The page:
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Do NVE's (NASDAQ:NVEC) Earnings Warrant Your Attention?

For beginners, it can seem like a good idea (and an exciting prospect) to buy a company that tells a good story to investors, even if it currently lacks a track record of revenue and profit. But as Peter Lynch said in One Up On Wall Street, 'Long shots almost never pay off.' A loss-making company is yet to prove itself with profit, and eventually the inflow of external capital may dry up.

If this kind of company isn't your style, you like companies that generate revenue, and even earn profits, then you may well be interested in NVE (NASDAQ:NVEC). While profit isn't the sole metric that should be considered when investing, it's worth recognising businesses that can consistently produce it.

Check out our latest analysis for NVE

NVE's Earnings Per Share Are Growing

If you believe that markets are even vaguely efficient, then over the long term you'd expect a company's share price to follow its earnings per share (EPS) outcomes. So it makes sense that experienced investors pay close attention to company EPS when undertaking investment research. NVE managed to grow EPS by 9.4% per year, over three years. That growth rate is fairly good, assuming the company can keep it up.

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One way to double-check a company's growth is to look at how its revenue, and earnings before interest and tax (EBIT) margins are changing. The good news is that NVE is growing revenues, and EBIT margins improved by 4.5 percentage points to 65%, over the last year. Both of which are great metrics to check off for potential growth.

The chart below shows how the company's bottom and top lines have progressed over time. For finer detail, click on the image.

earnings-and-revenue-history
earnings-and-revenue-history

While profitability drives the upside, prudent investors always check the balance sheet, too.

Are NVE Insiders Aligned With All Shareholders?

Prior to investment, it's always a good idea to check that the management team is paid reasonably. Pay levels around or below the median, can be a sign that shareholder interests are well considered. For companies with market capitalisations between US$200m and US$800m, like NVE, the median CEO pay is around US$2.6m.

The CEO of NVE only received US$698k in total compensation for the year ending March 2022. First impressions seem to indicate a compensation policy that is favourable to shareholders. While the level of CEO compensation shouldn't be the biggest factor in how the company is viewed, modest remuneration is a positive, because it suggests that the board keeps shareholder interests in mind. Generally, arguments can be made that reasonable pay levels attest to good decision-making.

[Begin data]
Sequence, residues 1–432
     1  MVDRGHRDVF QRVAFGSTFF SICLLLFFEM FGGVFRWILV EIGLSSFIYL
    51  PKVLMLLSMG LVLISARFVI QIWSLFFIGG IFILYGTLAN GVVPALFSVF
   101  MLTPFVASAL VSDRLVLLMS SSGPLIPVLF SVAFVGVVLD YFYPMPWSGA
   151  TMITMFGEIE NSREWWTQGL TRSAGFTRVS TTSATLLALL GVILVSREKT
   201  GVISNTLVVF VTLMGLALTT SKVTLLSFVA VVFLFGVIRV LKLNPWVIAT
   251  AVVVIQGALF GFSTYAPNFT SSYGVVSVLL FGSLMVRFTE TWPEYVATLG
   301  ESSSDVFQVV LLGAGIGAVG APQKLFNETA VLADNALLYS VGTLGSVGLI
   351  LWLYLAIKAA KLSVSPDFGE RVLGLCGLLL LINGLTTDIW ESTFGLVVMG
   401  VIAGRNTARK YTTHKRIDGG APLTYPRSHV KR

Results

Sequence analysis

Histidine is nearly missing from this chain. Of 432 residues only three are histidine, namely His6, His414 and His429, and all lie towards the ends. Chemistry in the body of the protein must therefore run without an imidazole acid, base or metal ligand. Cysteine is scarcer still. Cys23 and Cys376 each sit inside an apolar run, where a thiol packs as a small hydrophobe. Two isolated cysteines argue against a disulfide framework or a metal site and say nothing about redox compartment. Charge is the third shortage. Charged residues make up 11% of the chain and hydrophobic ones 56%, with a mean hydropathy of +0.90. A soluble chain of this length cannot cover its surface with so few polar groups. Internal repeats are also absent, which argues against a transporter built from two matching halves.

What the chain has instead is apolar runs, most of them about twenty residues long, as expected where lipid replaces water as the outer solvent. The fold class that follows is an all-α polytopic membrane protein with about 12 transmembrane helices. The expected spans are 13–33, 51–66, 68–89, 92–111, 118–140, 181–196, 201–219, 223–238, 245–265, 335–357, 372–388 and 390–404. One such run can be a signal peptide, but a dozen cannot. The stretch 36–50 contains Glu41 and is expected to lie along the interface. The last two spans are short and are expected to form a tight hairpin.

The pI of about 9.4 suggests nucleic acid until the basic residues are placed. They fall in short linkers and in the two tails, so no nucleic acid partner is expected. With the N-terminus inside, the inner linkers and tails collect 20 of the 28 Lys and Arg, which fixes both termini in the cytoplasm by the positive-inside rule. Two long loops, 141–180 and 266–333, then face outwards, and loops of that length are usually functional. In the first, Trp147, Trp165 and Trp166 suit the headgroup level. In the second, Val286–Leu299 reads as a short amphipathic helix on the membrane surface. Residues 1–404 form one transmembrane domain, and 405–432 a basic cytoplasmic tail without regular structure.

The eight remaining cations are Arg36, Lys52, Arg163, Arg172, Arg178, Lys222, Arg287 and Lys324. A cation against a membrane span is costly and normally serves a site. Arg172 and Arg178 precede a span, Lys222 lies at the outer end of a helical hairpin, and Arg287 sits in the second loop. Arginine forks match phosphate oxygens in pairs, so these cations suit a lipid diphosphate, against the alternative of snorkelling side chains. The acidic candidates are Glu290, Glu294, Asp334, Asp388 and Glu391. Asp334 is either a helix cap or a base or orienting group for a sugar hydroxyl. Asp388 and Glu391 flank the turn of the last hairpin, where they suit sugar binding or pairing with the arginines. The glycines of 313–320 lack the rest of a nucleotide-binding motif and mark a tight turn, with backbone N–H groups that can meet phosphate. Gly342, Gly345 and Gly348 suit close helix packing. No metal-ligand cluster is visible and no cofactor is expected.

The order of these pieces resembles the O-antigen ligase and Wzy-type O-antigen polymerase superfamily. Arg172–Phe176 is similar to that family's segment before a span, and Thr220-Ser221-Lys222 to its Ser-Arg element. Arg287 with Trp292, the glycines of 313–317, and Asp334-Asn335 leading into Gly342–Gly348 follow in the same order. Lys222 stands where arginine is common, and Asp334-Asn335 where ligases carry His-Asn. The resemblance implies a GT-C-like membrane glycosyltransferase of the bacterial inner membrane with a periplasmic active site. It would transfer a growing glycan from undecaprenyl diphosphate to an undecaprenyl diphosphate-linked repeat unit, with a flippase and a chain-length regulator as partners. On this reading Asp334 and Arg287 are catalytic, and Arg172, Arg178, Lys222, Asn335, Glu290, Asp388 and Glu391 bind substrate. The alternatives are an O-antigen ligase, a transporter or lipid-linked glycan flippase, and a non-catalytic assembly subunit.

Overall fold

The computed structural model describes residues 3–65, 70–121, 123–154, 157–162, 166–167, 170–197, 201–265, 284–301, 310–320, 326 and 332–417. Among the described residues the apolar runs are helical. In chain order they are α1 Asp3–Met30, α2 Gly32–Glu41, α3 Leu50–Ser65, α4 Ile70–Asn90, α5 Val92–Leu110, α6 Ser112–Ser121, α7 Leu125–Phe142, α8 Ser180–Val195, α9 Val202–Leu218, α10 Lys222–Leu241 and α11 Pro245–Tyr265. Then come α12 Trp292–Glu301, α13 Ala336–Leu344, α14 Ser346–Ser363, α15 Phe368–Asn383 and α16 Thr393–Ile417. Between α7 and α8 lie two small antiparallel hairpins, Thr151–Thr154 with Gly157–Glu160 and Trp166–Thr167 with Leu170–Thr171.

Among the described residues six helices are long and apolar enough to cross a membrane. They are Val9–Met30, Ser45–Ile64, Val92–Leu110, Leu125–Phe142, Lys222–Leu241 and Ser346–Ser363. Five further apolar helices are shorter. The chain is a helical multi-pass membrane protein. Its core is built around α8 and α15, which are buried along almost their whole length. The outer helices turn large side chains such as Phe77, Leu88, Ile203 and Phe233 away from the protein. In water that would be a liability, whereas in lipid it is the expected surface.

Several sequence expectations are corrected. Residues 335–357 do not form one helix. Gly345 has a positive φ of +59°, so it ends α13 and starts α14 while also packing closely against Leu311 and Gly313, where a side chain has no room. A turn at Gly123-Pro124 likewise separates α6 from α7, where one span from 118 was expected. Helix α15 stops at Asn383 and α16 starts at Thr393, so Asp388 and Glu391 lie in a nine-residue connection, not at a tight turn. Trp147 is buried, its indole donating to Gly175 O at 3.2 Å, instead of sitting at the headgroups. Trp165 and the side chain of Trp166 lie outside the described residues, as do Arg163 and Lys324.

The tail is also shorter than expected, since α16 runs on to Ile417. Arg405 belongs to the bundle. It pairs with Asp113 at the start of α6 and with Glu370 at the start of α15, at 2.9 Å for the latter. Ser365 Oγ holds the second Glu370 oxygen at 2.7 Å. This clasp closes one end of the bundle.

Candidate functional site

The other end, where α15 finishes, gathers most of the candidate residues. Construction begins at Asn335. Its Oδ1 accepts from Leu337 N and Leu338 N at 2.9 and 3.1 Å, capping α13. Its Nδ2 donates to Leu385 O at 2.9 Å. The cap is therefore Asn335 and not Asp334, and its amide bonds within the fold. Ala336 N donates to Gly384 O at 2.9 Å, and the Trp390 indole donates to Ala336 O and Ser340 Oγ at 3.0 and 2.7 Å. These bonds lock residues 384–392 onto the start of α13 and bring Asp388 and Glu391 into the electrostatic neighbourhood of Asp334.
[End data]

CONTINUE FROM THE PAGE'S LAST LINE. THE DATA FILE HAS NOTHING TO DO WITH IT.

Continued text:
Does NVE Deserve A Spot On Your Watchlist?

As previously touched on, NVE is a growing business, which is encouraging. On top of that, our faith in the board of directors is strengthened by the fact of the reasonable CEO pay. All things considered, NVE is definitely worth taking a deeper dive into. We should say that we've discovered 1 warning sign for NVE that you should be aware of before investing here.

Although NVE certainly looks good, it may appeal to more investors if insiders were buying up shares. If you like to see insider buying, then this free list of growing companies that insiders are buying, could be exactly what you're looking for.

Please note the insider transactions discussed in this article refer to reportable transactions in the relevant jurisdiction.

Have feedback on this article? Concerned about the content? Get in touch with us directly. Alternatively, email editorial-team (at) simplywallst.com.

This article by Simply Wall St is general in nature. We provide commentary based on historical data and analyst forecasts only using an unbiased methodology and our articles are not intended to be financial advice. It does not constitute a recommendation to buy or sell any stock, and does not take account of your objectives, or your financial situation. We aim to bring you long-term focused analysis driven by fundamental data. Note that our analysis may not factor in the latest price-sensitive company announcements or qualitative material. Simply Wall St has no position in any stocks mentioned.

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